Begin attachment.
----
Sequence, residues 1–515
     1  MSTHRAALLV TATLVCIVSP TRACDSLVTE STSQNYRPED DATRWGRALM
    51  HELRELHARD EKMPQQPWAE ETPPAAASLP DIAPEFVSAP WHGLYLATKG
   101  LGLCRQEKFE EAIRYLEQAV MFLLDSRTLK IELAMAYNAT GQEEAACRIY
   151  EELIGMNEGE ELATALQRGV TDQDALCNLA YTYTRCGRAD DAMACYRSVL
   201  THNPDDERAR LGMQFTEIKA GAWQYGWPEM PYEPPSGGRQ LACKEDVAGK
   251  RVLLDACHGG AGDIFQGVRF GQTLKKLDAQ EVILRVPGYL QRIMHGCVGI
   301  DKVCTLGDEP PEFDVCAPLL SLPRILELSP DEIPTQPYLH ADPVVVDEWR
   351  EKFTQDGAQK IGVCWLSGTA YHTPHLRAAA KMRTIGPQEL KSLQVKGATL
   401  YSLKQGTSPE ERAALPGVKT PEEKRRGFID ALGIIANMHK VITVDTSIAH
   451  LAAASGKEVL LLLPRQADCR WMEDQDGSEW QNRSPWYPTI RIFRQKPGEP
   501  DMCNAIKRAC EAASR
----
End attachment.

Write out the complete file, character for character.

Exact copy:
Sequence, residues 1–515
     1  MSTHRAALLV TATLVCIVSP TRACDSLVTE STSQNYRPED DATRWGRALM
    51  HELRELHARD EKMPQQPWAE ETPPAAASLP DIAPEFVSAP WHGLYLATKG
   101  LGLCRQEKFE EAIRYLEQAV MFLLDSRTLK IELAMAYNAT GQEEAACRIY
   151  EELIGMNEGE ELATALQRGV TDQDALCNLA YTYTRCGRAD DAMACYRSVL
   201  THNPDDERAR LGMQFTEIKA GAWQYGWPEM PYEPPSGGRQ LACKEDVAGK
   251  RVLLDACHGG AGDIFQGVRF GQTLKKLDAQ EVILRVPGYL QRIMHGCVGI
   301  DKVCTLGDEP PEFDVCAPLL SLPRILELSP DEIPTQPYLH ADPVVVDEWR
   351  EKFTQDGAQK IGVCWLSGTA YHTPHLRAAA KMRTIGPQEL KSLQVKGATL
   401  YSLKQGTSPE ERAALPGVKT PEEKRRGFID ALGIIANMHK VITVDTSIAH
   451  LAAASGKEVL LLLPRQADCR WMEDQDGSEW QNRSPWYPTI RIFRQKPGEP
   501  DMCNAIKRAC EAASR